Do You Give of Your Time, Talent and Treasure?

Beloved parishioners,

You will see a copy of the parish financial report in this week’s bulletin. As you will notice, we are very blessed to be in a solid financial situation. I said in my homily last week that everything we have comes from God. This is true for us as a church, as a parish, and as individuals. God has abundantly blessed us with resources, and we praise Him for that. A few points to make that might address questions or concerns that you have:

1. Offertory collections were down about $7,000 from the year before. I’m not aware of a significant decline in Mass attendance, so this reduction is perplexing. All I can ask you to do is to contribute as generously as you can. If we continue to see a drop-off in weekly offertory, then we might have to go with a new program such as Faith Direct.

2. The huge difference in “other income” from the year prior is due to the large amount that Fr. Ivany raised for our facilities in 2015, especially the Pope Francis Outreach Center. On that note, it’s utterly amazing how much Fr. Ivany did to improve the physical and financial conditions of our parish. Again, praise God!

3. The increase in “rectory and parish clergy” expenses is not a result of extravagant parties at the rectory, I promise you! It’s because the parish is paying my salary and benefits in full, whereas the Archdiocese was paying half of Fr. Ivany’s salary and benefits because he was working part-time for them (in the seminary and vocations).

4. “Liabilities” might be decreasing soon as the Archdiocese is forgiving past debts to many parishes during the Year of Mercy. They have scheduled a meeting with Joseph Hughey (Chairman of our finance council) and me to discuss next week. It won’t be a full forgiveness, but could be a significant reduction of debt.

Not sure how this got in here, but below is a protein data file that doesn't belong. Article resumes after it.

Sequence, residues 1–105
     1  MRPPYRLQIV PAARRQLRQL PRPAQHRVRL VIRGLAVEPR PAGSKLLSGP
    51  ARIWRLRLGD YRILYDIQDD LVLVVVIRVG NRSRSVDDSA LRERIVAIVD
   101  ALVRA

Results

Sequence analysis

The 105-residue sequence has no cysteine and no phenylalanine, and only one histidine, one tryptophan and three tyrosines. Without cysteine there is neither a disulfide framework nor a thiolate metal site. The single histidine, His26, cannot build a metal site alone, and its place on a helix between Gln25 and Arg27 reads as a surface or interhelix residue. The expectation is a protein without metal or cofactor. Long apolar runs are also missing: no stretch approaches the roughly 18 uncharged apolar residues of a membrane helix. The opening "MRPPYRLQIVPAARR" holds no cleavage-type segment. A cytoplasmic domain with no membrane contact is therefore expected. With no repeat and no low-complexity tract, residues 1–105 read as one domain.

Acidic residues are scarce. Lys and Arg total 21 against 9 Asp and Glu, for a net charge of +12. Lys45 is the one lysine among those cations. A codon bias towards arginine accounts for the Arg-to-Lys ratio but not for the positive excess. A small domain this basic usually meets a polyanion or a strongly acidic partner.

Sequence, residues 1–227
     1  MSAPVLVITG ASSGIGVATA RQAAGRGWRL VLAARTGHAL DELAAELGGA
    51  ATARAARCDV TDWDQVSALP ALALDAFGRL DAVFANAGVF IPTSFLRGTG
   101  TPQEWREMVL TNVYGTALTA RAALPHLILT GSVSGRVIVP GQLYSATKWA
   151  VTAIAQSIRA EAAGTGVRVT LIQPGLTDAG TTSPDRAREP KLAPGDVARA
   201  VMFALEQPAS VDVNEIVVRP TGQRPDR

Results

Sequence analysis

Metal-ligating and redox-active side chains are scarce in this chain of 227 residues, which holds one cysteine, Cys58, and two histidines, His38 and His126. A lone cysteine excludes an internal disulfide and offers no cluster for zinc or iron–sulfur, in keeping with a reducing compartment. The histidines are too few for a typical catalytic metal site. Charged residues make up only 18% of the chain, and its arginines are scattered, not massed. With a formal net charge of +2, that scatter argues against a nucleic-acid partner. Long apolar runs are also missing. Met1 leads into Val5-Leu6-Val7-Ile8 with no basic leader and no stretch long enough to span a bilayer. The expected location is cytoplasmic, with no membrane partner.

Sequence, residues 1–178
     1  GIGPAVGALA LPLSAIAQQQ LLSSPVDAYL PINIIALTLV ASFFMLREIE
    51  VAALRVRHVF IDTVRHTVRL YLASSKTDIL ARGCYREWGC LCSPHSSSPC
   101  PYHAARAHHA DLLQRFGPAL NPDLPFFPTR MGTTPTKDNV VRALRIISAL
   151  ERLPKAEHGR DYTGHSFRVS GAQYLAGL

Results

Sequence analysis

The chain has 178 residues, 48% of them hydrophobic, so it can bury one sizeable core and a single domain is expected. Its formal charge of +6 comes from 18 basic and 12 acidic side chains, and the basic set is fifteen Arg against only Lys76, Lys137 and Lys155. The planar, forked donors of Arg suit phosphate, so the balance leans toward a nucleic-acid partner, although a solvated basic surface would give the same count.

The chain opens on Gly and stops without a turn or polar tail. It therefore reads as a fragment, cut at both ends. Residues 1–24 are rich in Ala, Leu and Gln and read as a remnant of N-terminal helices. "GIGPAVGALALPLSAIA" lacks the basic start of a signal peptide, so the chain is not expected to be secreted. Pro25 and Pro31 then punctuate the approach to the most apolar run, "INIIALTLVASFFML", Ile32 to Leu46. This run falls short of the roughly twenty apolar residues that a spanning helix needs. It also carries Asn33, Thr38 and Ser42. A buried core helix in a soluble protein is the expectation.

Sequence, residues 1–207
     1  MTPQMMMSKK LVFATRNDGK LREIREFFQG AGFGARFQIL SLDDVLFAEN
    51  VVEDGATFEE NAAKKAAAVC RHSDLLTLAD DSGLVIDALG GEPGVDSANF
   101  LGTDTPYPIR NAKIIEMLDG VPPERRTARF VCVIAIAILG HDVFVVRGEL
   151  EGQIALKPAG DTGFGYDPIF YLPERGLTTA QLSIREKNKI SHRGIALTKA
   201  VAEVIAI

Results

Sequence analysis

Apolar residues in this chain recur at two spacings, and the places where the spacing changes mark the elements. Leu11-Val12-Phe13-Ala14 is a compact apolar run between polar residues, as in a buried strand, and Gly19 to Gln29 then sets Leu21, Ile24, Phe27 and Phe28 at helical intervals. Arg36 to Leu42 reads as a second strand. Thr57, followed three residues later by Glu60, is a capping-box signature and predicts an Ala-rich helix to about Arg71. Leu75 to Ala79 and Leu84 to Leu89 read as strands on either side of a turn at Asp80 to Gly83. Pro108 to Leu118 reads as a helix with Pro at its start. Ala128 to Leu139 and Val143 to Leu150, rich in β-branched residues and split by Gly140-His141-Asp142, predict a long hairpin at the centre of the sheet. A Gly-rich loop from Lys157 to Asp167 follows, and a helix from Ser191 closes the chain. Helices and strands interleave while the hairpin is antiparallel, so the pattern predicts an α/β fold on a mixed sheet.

Over the next year, I will work to increase the contributions that come into the parish and Outreach Center. My hope is to add more parishes as “partners” with us, appealing to pastors I know to help us with contributions, food drives, and volunteers. I’ll also be on the lookout for organizations, foundations, businesses, and individuals who can serve as partners with Assumption going forward. Of course, I’m open to any suggestions that you have!

Today’s readings are good for us in light of this. We might see our bottom line on the financial report and think that we are doing comfortably as a parish. But, hear what the Lord says through the prophet Amos: “Woe to the complacent in Zion! …yet they are not made ill by the collapse of Joseph!.” Let us not be complacent or comfortable to the point where we think that the parish is doing fine and doesn’t need our (individual) help. I fell into that trap at times in my first year here, and now realize that I can no longer be complacent. I need to be more proactive as a pastor and steward in the ways I mentioned in the paragraph above. I ask each and every one of you to be generous to the parish with your time, talent and treasure. It wasn’t until it was too late that the rich man in the Gospel parable realized he should have been more generous. I don’t anticipate anything catastrophic here like that or “the collapse of Joseph,” but the point is still made for us: God is calling us to be generous now.

May you know the peace of Christ,

Fr Greg